Guidance

Delayed Brexit, No Brexit, New Brexit: A Departure (or Not) in Several Scenarios

Dec 19, 2018 | 20:10 GMT
A Brexit opponent displays the Union Jack and the European Union flag outside the Houses of Parliament in London on Dec. 17, 2018.

A Brexit opponent displays the Union Jack and the European Union flag outside the Houses of Parliament in London on Dec. 17. British Prime Minister Theresa May is struggling to persuade the House of Commons to support the exit deal her government negotiated with the European Union. A rejection would increase the chances of a disorderly Brexit, but other courses of action are possible.

(TOLGA AKMEN/AFP/Getty Images)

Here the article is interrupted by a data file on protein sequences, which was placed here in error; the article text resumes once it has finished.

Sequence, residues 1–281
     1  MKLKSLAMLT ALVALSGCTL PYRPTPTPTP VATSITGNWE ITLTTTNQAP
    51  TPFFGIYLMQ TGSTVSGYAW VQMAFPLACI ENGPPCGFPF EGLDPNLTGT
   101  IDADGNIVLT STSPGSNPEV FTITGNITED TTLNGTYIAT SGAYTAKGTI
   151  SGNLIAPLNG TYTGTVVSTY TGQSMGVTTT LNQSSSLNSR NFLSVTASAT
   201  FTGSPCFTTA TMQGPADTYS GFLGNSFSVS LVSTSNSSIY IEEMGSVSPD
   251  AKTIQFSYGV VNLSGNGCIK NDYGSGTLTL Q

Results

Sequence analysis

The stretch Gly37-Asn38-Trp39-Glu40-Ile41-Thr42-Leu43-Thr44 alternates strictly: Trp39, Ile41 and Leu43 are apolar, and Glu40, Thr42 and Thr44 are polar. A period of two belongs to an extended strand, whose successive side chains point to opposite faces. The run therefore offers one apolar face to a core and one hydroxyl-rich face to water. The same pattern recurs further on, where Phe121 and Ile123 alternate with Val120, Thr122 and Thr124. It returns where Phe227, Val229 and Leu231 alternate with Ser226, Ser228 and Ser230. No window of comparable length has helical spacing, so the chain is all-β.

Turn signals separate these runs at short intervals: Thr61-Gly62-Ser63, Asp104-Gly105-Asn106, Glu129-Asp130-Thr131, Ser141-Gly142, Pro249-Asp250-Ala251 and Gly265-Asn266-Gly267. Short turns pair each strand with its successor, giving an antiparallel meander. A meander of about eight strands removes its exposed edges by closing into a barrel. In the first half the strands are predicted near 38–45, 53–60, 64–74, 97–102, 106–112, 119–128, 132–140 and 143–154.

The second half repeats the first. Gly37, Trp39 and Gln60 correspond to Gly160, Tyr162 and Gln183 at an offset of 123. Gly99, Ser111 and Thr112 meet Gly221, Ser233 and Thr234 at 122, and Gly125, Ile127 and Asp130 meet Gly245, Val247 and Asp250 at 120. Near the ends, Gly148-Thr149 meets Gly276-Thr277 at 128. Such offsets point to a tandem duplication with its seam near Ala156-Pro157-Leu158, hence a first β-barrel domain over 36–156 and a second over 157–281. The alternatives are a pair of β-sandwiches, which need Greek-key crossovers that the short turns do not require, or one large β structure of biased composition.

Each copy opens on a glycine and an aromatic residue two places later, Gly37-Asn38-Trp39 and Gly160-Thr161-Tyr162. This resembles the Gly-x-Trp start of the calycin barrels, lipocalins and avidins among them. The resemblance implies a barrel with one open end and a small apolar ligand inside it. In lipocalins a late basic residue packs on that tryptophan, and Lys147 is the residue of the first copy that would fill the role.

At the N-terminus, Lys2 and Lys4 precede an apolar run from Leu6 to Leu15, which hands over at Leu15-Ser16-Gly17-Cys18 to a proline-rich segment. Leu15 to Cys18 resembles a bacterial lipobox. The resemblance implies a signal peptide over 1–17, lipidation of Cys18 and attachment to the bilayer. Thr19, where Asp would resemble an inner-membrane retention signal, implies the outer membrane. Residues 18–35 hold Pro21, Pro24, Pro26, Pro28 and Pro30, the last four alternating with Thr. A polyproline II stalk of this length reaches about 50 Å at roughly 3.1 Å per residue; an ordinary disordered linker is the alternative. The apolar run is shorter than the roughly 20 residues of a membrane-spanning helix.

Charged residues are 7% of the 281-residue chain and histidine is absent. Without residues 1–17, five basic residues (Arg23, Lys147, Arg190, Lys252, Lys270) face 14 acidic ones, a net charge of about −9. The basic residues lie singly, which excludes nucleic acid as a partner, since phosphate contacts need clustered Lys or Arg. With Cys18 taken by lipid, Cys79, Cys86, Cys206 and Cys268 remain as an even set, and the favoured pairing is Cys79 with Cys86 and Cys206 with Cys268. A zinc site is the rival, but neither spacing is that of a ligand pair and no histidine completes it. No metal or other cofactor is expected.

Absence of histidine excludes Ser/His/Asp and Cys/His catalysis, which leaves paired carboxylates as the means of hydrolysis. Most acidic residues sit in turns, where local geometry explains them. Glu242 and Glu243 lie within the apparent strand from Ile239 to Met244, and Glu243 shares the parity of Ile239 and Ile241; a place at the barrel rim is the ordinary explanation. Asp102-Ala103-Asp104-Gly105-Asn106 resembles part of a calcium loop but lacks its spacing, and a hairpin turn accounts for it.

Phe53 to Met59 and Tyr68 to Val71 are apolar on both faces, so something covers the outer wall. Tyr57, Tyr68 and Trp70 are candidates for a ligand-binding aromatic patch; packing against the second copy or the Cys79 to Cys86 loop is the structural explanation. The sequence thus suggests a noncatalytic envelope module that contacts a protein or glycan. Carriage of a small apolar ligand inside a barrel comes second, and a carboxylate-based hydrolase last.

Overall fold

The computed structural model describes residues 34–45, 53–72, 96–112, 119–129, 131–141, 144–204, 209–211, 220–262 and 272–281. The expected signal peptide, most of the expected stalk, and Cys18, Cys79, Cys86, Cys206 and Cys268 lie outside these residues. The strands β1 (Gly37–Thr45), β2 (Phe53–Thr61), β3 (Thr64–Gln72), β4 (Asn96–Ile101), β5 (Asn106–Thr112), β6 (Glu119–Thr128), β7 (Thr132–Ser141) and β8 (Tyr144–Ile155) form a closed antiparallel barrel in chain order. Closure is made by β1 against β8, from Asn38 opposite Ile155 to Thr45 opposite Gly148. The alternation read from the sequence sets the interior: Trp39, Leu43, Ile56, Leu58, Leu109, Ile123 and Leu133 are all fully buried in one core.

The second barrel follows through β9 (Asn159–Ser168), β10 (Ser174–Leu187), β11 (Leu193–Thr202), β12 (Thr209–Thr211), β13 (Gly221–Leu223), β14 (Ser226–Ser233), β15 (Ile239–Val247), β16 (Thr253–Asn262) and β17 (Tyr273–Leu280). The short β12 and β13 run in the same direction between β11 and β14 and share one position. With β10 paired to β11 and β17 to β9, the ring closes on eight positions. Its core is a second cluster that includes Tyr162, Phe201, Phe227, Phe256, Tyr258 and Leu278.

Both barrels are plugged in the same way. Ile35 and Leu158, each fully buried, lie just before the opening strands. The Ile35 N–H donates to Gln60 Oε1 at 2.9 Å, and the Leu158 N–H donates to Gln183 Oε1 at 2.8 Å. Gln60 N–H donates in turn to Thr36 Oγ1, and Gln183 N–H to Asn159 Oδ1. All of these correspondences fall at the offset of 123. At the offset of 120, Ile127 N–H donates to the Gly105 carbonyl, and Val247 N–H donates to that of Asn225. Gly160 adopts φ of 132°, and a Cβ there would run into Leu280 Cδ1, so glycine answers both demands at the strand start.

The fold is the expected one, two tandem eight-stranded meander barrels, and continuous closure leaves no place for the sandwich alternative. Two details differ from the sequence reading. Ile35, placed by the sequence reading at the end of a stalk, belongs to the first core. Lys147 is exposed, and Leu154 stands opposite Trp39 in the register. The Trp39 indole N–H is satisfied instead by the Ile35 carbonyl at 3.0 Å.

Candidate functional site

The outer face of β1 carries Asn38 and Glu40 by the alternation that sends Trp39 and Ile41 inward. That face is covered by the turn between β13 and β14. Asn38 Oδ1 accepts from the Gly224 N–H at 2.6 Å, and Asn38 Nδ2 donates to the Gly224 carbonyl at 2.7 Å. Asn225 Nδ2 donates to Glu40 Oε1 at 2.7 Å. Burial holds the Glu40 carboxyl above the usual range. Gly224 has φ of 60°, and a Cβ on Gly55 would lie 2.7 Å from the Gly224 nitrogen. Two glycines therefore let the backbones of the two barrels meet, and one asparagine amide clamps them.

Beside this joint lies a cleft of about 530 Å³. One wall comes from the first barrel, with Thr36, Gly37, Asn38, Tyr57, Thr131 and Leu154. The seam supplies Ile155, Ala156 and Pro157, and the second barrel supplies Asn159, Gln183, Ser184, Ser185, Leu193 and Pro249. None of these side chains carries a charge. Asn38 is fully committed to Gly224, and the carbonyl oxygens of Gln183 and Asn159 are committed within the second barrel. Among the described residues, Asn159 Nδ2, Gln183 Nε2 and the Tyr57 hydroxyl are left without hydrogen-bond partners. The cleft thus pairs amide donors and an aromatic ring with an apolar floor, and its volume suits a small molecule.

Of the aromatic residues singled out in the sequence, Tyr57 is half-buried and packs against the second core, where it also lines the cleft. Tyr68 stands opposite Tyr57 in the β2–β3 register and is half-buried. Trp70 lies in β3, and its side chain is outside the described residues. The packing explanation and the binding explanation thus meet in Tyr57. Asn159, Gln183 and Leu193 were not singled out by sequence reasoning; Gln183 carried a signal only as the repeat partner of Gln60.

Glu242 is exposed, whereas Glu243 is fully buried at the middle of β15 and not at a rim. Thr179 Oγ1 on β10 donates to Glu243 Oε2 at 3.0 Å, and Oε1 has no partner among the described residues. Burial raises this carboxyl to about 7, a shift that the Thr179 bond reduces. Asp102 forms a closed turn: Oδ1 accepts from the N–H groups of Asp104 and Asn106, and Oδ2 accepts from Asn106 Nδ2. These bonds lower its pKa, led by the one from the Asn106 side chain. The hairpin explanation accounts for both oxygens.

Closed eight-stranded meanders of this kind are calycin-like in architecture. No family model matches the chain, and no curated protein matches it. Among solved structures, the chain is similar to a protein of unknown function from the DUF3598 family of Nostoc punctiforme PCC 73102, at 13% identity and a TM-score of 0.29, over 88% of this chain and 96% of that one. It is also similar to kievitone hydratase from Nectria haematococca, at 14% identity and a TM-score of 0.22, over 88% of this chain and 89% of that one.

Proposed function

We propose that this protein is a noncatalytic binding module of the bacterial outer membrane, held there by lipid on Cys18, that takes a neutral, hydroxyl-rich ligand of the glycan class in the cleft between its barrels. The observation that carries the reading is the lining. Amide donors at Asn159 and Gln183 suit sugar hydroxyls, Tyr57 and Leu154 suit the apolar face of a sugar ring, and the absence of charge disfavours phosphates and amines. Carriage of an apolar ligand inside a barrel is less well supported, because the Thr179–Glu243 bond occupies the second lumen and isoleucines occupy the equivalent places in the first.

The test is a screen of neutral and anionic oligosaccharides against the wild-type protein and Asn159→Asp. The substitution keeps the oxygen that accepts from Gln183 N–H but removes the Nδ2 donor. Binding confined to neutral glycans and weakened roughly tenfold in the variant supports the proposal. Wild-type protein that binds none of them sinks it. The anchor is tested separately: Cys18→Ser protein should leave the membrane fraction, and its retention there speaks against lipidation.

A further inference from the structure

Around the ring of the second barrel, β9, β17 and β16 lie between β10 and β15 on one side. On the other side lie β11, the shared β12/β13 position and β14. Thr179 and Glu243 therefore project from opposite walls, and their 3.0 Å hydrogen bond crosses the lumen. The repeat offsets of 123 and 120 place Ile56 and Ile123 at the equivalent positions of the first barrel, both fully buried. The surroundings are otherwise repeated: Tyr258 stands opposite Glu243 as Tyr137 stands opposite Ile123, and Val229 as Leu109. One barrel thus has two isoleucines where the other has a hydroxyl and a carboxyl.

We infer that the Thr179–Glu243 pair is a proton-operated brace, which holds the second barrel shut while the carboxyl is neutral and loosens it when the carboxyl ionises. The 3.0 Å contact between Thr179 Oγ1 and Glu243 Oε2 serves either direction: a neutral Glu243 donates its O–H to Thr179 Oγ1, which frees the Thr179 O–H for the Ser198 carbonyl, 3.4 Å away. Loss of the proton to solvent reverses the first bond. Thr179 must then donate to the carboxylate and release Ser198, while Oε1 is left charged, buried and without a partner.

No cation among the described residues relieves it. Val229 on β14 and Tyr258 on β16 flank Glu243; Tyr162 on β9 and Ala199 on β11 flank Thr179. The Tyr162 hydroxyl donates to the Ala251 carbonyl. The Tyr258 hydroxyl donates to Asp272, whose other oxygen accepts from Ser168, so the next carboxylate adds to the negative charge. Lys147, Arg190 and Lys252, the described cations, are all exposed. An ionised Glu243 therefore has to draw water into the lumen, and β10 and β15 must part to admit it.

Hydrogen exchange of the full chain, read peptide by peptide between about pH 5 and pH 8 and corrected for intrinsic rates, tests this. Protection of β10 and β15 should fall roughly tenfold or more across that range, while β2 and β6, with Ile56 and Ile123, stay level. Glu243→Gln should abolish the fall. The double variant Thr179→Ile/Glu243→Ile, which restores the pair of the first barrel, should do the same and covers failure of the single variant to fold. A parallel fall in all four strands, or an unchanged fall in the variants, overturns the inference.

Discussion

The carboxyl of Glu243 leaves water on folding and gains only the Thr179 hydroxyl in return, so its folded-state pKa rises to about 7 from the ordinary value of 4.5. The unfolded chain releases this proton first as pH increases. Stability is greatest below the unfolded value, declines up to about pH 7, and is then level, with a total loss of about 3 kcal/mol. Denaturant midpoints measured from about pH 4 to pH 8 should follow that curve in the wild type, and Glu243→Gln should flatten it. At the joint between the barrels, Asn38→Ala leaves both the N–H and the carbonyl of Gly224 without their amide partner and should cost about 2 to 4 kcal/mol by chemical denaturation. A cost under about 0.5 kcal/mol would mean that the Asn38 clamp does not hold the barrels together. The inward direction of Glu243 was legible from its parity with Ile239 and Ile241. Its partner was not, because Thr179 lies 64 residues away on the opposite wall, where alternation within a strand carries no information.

After days of speculation, the British government announced on Dec. 17 that the House of Commons will vote on Prime Minister Theresa May's Brexit agreement with the European Union during the week of Jan. 14. The vote had been set for Dec. 11, but May postponed it by a month to avoid defeat. The United Kingdom is set to leave the European Union on March 29. By putting off the vote for a month, May is hoping to raise the stakes and pressure on Commons to approve her deal. It's a risky strategy: May will still struggle to persuade enough members of Parliament to support her plan. A rejection by Commons in mid-January would give May's government only about 10 weeks to negotiate a new exit deal with the European Union or seek another vote in Parliament, which would significantly increase the chances of a disorderly Brexit. Several scenarios could...

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